The Fujifilm X100, which was announced at last year's Photokina trade show, has had its full specs confirmed ahead of its March release. Most importantly the sensor, a 12MP APS-C, now includes EXR processing technology, coupled with the fixed f/2.0 23mm lens for utmost quality. As far as new information is concerned: the addition of a 720p HD movie mode and a high end sensitivity of up to ISO 12,800 are are the most significant new headlines.
The most eye-catching feature is still the innovative dual (reverse Galilean) viewfinder, which offers both optical and EVF varieties in a single eye piece. The result is the 'best of both worlds', giving the user a real world impression and through the sensor preview prior to taking the shot. As What Digital Camera can attest after previewing the camera at last year's Photokina trade show the X100's results are impressive.
In terms of the X100's optics and the lens is a fixed wideangle 23mm, equating to a 35mm equivalent in full frame/35mm terms. With an f/stop of f/2.0 the images returned should be impressively bright, with the ability for some superb bokeh and shallow depth of field effects. The lens also bears the Fujinon name and has a built-in NDA filter to allow up to a three stop reduction in light when needed.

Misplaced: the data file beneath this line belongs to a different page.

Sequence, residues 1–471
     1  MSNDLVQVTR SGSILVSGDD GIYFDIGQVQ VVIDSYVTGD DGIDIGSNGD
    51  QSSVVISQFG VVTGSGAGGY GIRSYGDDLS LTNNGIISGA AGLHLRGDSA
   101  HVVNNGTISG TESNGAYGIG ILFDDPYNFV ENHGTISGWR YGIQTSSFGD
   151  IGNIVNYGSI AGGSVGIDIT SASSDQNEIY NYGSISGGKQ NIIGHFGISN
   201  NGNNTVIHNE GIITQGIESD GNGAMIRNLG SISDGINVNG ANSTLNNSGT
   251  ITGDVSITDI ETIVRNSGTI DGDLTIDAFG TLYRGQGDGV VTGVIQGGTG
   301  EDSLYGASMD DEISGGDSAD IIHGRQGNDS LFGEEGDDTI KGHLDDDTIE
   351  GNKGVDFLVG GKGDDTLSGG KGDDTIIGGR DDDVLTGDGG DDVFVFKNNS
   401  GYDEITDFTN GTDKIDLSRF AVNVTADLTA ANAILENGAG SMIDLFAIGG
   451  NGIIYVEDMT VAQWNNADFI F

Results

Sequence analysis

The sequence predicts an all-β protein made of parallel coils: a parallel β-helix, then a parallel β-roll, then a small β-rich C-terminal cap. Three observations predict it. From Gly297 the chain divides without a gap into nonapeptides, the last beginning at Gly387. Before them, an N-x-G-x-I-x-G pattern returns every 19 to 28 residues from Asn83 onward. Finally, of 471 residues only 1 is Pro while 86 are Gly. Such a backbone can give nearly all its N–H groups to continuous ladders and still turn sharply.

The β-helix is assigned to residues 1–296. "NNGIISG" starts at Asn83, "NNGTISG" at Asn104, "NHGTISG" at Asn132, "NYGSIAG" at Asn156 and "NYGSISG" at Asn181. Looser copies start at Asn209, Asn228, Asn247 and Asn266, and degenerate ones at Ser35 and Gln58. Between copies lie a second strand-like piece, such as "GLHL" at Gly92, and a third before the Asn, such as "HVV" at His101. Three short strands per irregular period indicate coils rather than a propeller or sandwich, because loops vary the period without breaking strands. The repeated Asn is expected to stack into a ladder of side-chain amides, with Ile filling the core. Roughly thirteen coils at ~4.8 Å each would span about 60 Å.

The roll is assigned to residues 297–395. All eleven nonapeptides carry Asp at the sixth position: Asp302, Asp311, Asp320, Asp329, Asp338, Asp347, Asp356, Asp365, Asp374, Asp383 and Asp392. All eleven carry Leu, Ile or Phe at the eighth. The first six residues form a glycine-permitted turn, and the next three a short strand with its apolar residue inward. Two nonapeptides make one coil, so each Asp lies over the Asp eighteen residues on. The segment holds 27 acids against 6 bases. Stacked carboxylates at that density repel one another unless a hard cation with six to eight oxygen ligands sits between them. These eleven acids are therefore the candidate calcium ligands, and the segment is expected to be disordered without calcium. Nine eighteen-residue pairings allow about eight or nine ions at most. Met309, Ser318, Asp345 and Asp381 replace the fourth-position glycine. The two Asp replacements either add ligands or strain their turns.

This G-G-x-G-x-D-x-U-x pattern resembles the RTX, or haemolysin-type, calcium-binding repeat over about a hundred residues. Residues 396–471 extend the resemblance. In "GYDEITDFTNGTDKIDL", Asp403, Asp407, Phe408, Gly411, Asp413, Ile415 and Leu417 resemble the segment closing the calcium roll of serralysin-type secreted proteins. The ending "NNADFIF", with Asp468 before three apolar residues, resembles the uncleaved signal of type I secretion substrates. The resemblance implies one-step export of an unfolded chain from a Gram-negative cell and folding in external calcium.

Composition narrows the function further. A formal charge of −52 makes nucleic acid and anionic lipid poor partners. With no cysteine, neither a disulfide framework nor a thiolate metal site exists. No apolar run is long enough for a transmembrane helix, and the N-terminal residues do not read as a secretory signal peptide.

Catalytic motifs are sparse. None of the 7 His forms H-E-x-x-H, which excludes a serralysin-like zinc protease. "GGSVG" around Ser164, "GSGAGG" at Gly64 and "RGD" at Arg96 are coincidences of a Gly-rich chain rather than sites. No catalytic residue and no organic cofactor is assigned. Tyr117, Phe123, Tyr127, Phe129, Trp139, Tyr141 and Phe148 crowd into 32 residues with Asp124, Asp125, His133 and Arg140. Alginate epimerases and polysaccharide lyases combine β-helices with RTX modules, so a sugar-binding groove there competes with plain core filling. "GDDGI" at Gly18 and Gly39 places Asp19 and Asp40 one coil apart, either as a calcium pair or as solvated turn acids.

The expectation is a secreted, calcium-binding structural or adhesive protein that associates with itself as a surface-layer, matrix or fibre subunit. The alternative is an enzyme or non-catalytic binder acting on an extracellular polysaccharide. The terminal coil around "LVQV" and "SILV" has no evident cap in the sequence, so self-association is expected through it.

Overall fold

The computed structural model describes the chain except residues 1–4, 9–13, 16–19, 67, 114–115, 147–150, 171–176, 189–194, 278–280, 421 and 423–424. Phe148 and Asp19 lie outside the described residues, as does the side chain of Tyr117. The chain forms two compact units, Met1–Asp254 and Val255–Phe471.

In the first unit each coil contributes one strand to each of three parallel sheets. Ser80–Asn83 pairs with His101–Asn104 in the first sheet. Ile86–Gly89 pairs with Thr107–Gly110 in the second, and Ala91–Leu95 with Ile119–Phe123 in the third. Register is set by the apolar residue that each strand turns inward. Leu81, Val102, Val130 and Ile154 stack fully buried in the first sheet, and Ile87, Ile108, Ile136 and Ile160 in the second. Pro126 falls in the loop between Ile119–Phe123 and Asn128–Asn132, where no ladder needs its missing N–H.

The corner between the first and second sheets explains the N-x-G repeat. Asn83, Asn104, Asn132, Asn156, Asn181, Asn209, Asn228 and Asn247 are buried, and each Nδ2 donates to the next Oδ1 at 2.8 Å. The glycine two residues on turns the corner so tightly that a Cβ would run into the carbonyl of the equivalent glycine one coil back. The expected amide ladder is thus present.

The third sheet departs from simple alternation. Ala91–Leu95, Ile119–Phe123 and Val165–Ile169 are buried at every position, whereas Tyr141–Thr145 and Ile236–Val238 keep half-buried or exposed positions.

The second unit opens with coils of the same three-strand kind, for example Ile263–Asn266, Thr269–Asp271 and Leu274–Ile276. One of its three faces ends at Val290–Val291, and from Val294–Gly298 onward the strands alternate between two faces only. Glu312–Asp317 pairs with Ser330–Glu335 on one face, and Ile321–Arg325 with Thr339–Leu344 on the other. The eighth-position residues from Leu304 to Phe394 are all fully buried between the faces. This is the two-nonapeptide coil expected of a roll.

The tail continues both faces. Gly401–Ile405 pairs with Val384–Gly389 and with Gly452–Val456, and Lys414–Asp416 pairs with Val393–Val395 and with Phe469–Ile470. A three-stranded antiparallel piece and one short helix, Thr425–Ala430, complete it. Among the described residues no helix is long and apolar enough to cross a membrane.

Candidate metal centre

The 12.3MP CMOS sensor is of the larger APS-C format, as found in most enthusiast DSLRs. This has been paired with the lens to aim to give the best possible end product. The EXR technology, first seen in the Finepix F70 EXR compact camera, is actually an entirely different concept as the sensor is not of an EXR construction. Instead the EXR processing will, so Fuji claims, produce the same kind of results as the EXR sensor utilising processing from the sensor read out. In combination with the maximum ISO 12,800 rating the X100 should be capable of some highly impressive low light performance.
The X100's design is also something to be lauded, looking more like a throwback to the mid-century rangefinder models rather than a cutting edge compact. With die-cast magnesium alloy providing the upper and bottom portions of the camera there should be plenty of weight to the Fujifilm X100, as well as a number of DSLR-style manual control dials. ISO is also sat on top of the camera in dial form allowing for instant alterations.
Raw shooting makes an appearance and can be accessed via a dedicated button, as does a number of classic Fuji film simulation modes including Velvia and Provia. Finally the built-in Panorama mode can stitch together images from up to a half rotation (180degrees), and the Fujifilm X100 can also bracket AE, ISO and Dynamic Range for HDR shots.
The Fujifilm X100 will be £999 when on the shelves next month. More info as and when we have it.